May 17, 2017 – Coal exporters may be feeling more comfortable about their future as they see both reasonable demand from Asia’s top importers and prices which appear to be stabilising at levels that allow for decent profits.
This renewed optimism was evident at this week’s Coaltrans Asia conference on the Indonesian resort island of Bali, where much of the discussion among delegates at the region’s biggest coal event was on plans for new capital spending and boosting output at existing mines.
But – and there is always a “but” for the coal sector in recent years – the exporting miners have to face the uncomfortable reality that the two biggest importers in the world, China and India, are now markets where policy decisions are the main drivers, not supply and demand fundamentals.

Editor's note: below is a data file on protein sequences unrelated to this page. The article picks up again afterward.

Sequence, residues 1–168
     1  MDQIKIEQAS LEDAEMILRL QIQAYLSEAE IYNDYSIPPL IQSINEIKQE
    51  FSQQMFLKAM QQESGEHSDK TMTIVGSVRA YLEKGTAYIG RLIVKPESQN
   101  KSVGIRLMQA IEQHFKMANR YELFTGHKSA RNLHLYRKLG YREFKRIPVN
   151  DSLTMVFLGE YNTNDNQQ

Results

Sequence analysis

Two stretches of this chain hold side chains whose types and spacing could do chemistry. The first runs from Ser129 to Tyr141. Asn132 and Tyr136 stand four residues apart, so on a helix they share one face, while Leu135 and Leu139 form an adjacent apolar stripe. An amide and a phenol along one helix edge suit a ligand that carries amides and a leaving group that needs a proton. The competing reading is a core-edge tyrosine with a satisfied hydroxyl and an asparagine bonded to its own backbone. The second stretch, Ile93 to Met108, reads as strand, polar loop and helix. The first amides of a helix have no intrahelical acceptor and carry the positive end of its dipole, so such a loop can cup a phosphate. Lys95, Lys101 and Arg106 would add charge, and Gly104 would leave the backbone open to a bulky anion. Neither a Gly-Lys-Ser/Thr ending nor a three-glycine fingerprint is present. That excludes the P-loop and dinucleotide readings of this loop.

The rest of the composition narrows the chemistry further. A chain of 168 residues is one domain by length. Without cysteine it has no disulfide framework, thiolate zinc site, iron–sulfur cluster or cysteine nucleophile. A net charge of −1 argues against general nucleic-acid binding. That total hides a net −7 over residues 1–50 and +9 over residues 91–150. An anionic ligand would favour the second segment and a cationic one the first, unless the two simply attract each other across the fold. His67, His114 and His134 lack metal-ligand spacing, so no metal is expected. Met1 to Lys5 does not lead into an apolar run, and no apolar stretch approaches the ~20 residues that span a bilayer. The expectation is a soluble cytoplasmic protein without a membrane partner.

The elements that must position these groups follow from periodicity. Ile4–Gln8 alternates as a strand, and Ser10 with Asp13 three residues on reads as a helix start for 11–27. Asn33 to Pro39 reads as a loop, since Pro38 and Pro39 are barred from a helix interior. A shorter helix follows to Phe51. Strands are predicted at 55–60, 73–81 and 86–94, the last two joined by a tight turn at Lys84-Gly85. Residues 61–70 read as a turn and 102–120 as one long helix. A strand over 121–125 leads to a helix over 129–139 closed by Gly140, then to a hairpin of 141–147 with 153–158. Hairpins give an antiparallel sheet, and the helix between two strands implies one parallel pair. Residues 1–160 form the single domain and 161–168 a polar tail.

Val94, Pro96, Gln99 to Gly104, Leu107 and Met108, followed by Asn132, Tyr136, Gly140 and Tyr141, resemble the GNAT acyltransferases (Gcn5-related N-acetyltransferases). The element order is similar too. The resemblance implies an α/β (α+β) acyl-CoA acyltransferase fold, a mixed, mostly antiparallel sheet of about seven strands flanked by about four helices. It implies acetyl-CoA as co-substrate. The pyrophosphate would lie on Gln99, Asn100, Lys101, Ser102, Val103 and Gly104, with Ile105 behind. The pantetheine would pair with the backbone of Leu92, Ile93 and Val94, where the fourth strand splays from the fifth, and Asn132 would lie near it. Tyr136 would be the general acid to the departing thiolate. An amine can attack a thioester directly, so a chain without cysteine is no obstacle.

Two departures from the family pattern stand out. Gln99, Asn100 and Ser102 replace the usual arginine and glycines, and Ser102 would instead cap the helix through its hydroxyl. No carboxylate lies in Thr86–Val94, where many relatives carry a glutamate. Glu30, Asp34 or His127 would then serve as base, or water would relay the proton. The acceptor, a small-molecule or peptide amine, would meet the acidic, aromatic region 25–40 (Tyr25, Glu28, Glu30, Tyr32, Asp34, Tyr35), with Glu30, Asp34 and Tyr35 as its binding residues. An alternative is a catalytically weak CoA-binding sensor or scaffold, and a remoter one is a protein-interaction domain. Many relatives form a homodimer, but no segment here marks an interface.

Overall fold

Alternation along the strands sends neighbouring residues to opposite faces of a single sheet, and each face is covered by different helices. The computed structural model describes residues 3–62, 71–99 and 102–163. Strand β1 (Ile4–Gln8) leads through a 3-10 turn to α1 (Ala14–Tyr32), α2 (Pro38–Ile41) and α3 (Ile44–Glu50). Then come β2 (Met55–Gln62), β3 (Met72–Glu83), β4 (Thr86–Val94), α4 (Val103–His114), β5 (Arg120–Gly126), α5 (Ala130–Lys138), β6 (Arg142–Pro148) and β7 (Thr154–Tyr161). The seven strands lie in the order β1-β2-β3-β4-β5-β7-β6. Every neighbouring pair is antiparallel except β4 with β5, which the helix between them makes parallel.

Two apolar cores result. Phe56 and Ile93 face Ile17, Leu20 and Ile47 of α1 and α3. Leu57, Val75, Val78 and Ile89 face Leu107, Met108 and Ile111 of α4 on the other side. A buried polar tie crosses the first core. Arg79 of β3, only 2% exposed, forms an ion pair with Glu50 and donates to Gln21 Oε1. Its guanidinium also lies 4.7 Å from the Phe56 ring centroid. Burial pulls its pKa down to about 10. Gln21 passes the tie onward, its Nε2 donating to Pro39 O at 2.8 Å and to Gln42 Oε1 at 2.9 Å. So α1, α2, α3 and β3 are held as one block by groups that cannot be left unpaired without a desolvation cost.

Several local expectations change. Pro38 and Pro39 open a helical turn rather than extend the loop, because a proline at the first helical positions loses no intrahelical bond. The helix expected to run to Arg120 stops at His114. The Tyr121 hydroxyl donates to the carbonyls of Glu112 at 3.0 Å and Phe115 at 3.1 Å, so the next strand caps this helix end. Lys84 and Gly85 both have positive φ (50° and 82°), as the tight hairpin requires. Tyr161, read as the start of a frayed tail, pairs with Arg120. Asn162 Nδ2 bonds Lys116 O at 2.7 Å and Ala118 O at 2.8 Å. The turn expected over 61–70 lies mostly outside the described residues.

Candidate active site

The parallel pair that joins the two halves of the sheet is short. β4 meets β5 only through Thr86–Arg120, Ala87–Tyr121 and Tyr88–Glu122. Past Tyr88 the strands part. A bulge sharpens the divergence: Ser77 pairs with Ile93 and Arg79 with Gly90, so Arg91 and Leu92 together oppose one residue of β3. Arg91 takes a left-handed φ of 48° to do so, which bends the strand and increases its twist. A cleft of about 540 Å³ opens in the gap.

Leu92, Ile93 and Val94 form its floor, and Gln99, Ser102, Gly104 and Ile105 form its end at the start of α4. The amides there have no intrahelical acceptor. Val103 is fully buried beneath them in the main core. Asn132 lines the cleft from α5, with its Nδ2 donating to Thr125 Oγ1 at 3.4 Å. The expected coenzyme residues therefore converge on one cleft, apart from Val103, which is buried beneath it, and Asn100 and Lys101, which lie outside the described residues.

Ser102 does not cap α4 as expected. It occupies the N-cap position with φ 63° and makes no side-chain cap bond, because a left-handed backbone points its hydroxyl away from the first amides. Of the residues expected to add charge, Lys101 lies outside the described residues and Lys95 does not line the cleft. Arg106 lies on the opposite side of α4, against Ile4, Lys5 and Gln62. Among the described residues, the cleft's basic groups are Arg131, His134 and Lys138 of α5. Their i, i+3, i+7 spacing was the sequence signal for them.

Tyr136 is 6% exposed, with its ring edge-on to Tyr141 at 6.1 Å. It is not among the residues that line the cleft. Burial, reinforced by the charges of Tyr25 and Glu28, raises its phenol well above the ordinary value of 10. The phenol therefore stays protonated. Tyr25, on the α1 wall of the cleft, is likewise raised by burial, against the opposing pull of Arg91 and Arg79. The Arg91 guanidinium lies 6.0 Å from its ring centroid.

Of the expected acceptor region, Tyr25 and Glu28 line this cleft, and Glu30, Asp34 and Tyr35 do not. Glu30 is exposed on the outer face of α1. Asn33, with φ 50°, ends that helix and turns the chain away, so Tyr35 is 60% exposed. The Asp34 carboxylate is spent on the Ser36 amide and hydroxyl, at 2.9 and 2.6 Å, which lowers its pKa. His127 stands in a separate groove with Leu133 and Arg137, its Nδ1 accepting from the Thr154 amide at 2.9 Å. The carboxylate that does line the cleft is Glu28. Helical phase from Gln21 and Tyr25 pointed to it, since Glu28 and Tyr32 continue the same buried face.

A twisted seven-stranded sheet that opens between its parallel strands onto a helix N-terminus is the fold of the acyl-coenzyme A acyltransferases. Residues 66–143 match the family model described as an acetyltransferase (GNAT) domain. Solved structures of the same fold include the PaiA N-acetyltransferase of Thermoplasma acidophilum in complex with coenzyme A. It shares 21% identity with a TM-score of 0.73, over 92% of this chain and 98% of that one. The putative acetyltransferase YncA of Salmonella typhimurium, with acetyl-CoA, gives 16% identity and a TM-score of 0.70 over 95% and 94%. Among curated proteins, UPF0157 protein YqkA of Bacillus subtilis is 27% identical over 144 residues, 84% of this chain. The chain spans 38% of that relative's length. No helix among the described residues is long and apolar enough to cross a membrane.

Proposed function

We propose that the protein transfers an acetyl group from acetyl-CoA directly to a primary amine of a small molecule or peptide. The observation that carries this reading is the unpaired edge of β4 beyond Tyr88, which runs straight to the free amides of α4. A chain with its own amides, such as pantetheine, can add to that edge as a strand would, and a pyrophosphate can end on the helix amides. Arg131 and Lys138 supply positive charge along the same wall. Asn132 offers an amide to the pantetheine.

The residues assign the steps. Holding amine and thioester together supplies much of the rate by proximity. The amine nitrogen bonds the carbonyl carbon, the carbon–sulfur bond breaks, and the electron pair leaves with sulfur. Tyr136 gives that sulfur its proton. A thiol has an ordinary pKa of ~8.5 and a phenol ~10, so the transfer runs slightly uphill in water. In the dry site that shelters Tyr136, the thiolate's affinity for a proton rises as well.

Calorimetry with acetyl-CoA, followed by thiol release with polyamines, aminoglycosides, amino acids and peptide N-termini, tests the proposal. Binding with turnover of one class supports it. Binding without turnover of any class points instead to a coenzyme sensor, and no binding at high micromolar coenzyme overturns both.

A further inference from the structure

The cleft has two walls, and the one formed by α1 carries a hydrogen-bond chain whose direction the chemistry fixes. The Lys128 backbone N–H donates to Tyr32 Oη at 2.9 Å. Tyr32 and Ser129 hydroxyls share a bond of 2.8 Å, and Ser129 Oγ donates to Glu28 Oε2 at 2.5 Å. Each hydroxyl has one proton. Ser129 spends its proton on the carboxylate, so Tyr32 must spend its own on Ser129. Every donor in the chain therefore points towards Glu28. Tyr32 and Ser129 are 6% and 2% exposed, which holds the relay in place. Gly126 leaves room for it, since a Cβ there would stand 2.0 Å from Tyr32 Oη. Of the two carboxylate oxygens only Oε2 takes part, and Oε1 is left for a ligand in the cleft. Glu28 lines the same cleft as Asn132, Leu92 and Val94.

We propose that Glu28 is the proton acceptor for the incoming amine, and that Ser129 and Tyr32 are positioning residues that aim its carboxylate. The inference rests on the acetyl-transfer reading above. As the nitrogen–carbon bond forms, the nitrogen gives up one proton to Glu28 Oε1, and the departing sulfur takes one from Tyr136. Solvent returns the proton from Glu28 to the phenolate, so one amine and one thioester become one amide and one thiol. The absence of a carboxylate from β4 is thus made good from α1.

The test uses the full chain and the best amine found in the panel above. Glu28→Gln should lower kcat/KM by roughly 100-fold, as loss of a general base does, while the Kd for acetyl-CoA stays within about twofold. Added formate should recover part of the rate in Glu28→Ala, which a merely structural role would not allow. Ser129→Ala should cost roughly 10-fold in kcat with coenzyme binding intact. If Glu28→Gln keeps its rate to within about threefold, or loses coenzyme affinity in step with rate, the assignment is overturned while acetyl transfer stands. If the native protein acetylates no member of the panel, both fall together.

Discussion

This makes the long-term outlook for the seaborne coal market hard to predict and therefore difficult to plan for, presenting a tricky dilemma for coal mining companies in top exporters Australia, Indonesia and South Africa.
The research consultancies a mining company may employ, for example, provide what seem like reasonable demand assumptions for China and India, based on current trends and likely future energy needs. But their assumptions can be rendered nonsensical very quickly by unexpected and unpredictable policy shifts in Beijing and New Delhi.
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